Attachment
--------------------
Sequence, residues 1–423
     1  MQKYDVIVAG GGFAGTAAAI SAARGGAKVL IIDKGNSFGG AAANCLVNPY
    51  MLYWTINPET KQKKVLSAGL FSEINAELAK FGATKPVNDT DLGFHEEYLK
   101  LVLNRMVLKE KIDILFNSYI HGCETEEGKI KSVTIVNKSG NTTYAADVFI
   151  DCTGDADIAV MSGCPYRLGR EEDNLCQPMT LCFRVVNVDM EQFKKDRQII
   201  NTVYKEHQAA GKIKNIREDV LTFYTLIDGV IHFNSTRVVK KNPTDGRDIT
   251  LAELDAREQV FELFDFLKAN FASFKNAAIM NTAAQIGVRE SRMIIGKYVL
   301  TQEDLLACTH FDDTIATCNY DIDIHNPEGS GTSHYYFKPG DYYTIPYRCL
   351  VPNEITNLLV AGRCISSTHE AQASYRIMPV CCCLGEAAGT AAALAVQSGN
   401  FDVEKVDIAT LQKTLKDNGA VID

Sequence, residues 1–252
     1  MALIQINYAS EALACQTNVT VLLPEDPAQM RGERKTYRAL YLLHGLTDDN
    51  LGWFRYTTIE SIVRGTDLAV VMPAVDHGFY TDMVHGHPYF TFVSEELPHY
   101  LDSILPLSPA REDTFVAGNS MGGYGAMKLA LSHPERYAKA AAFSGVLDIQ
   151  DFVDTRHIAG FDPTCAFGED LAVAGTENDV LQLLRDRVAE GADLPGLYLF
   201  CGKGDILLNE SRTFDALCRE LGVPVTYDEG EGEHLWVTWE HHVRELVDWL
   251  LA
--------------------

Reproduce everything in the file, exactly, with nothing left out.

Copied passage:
Sequence, residues 1–423
     1  MQKYDVIVAG GGFAGTAAAI SAARGGAKVL IIDKGNSFGG AAANCLVNPY
    51  MLYWTINPET KQKKVLSAGL FSEINAELAK FGATKPVNDT DLGFHEEYLK
   101  LVLNRMVLKE KIDILFNSYI HGCETEEGKI KSVTIVNKSG NTTYAADVFI
   151  DCTGDADIAV MSGCPYRLGR EEDNLCQPMT LCFRVVNVDM EQFKKDRQII
   201  NTVYKEHQAA GKIKNIREDV LTFYTLIDGV IHFNSTRVVK KNPTDGRDIT
   251  LAELDAREQV FELFDFLKAN FASFKNAAIM NTAAQIGVRE SRMIIGKYVL
   301  TQEDLLACTH FDDTIATCNY DIDIHNPEGS GTSHYYFKPG DYYTIPYRCL
   351  VPNEITNLLV AGRCISSTHE AQASYRIMPV CCCLGEAAGT AAALAVQSGN
   401  FDVEKVDIAT LQKTLKDNGA VID

Sequence, residues 1–252
     1  MALIQINYAS EALACQTNVT VLLPEDPAQM RGERKTYRAL YLLHGLTDDN
    51  LGWFRYTTIE SIVRGTDLAV VMPAVDHGFY TDMVHGHPYF TFVSEELPHY
   101  LDSILPLSPA REDTFVAGNS MGGYGAMKLA LSHPERYAKA AAFSGVLDIQ
   151  DFVDTRHIAG FDPTCAFGED LAVAGTENDV LQLLRDRVAE GADLPGLYLF
   201  CGKGDILLNE SRTFDALCRE LGVPVTYDEG EGEHLWVTWE HHVRELVDWL
   251  LA